pany headquarters and two officers
and 18 men, *nd four platoons. Each
platoon has two sections of riflemen
of 12 each, or 24 men one section
of bombers and rifle grenadiers of
22 men, and one section of auto rifle
of 11 men and four guns.
The 178 men of the machine gun
company will be armed with 12 heavy
machine guns and four spare guns.
Details of Organization.
The organization of the infantry di
vision in detail follows:
One division headquarters 164
One machine gun battalion of four
Two infantry brigades, each com
posed of two infantry regiments,
a nd one machine gun battalion of
three companies 16,430
One field artillery brigade, composed
of three field artillery regiments
and one trench mortar battery 5,068
One field signal battalion 262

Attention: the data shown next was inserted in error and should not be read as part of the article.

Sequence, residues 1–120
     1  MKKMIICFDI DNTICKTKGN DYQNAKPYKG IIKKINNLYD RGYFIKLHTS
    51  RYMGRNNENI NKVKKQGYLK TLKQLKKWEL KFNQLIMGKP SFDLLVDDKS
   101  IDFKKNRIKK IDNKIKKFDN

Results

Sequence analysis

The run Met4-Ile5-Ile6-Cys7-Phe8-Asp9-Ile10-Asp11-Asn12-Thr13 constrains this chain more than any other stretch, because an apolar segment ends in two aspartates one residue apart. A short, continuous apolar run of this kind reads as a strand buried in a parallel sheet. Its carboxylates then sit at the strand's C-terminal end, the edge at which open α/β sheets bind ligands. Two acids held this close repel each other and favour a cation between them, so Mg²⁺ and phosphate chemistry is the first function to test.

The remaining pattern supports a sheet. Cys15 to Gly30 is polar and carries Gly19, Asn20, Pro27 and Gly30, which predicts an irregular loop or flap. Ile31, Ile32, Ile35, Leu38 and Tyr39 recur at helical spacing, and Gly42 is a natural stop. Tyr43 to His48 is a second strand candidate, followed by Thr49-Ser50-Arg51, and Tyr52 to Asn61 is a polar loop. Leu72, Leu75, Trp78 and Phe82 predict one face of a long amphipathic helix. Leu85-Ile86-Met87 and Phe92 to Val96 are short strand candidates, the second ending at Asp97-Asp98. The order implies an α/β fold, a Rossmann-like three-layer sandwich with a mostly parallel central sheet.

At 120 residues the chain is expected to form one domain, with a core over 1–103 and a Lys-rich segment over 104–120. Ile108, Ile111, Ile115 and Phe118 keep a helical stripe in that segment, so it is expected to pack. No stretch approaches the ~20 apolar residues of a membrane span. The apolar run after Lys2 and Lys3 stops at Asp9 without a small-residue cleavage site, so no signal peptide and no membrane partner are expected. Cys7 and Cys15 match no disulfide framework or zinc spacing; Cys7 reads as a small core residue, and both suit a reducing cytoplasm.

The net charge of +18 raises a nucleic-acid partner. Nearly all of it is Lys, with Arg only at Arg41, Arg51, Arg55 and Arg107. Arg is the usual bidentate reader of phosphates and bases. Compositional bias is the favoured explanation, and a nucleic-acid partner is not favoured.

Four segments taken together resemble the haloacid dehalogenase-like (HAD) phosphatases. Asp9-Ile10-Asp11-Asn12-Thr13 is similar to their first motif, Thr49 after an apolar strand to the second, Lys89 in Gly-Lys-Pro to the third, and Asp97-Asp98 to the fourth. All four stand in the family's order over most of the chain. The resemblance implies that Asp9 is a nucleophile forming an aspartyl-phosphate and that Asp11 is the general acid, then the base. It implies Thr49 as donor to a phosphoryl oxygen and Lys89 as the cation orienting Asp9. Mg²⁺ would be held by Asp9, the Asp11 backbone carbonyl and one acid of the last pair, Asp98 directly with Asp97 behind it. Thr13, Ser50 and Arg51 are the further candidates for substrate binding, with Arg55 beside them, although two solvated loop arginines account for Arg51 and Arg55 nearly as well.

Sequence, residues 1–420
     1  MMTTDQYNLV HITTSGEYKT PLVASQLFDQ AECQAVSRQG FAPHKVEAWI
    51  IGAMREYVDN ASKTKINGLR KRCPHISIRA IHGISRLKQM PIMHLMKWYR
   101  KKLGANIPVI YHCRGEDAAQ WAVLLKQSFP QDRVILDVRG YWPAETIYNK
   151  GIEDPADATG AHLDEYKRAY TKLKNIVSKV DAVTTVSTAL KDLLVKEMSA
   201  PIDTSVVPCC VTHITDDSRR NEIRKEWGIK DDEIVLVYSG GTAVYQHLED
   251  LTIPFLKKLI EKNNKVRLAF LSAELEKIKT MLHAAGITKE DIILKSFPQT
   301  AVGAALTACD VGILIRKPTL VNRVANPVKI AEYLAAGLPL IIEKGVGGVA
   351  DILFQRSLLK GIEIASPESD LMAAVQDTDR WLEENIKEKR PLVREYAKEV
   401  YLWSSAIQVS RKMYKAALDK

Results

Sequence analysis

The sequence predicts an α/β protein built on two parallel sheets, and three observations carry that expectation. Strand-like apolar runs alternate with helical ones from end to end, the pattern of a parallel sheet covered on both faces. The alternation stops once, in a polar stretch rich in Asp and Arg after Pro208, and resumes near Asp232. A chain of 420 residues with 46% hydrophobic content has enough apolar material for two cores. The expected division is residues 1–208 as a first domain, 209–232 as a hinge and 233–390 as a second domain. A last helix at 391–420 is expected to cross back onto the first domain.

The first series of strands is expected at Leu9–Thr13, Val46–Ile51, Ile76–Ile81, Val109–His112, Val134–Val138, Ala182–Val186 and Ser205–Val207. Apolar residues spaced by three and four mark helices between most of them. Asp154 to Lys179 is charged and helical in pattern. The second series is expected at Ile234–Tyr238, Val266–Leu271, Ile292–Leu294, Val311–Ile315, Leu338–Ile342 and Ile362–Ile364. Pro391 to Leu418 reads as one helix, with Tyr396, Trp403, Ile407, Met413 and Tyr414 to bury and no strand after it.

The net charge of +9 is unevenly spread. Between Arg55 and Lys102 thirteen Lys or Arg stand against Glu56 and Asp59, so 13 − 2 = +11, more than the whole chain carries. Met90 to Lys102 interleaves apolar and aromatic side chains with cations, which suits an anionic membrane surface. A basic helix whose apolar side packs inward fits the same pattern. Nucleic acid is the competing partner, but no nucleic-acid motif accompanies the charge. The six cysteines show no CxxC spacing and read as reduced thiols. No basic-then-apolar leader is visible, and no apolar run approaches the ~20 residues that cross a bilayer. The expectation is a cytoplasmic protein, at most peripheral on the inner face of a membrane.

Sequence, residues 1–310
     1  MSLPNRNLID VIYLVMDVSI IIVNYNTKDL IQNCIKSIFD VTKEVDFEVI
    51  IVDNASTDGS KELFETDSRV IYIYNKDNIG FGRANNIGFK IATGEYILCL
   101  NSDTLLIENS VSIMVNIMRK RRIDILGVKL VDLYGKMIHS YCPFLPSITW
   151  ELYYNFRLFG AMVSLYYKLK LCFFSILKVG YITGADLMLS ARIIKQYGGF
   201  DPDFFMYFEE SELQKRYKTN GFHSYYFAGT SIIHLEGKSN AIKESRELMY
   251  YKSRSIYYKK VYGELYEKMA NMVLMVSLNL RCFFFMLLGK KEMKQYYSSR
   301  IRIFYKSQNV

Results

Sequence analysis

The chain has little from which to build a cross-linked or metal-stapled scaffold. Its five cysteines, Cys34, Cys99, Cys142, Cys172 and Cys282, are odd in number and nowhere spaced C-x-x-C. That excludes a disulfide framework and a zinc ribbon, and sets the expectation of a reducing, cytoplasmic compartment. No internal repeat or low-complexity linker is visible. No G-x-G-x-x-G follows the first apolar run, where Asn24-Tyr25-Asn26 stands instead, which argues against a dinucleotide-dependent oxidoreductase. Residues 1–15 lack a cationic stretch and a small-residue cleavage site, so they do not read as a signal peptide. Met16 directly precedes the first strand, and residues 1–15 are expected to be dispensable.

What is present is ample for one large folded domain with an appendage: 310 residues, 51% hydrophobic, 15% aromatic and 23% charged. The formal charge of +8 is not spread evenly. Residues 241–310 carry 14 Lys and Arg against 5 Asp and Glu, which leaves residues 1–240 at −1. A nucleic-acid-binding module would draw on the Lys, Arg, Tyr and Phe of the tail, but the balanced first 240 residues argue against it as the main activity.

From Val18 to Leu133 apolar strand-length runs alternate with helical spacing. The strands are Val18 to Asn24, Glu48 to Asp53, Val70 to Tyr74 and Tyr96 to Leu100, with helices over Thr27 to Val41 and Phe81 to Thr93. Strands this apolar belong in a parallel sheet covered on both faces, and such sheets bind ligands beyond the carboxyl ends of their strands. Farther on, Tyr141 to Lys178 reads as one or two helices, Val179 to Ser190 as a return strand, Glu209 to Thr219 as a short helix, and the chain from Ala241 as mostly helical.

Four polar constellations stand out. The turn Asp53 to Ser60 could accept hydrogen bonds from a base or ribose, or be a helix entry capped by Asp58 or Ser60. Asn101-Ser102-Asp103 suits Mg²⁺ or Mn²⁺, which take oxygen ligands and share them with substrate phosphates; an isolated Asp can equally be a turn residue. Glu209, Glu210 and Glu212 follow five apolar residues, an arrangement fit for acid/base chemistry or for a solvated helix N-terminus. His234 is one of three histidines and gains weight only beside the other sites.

One regiment of engineers 1,666
One train headquarters and military
One ammunition train 962
One supply train 472
One engineer train 84
One sanitary train, composed of four
field hospital companies and four
ambulance companies 949
Each regimental headquarters will
consist of seven officers and 294 men.
There will be a headquarters platoon
of 93, a staff section of 36, an orderlies'
section of 2$ a band section of 28
a signal platoon of 77, including a
telephone section a sappers' and
bombers' platoon of 44 a pioneer pla
toon of 55 for engineer work, and
a cannon platoon of 33 officers and
Sixteen Kitchens included.
The transportation equipment to
each regiment will be 22 combat
wagons 16 rolling kitchens, 22 bag
gage and rations wagons 16 rations
carts 15 water cai-ts three medical
carts 24 machine gun carts 59 riding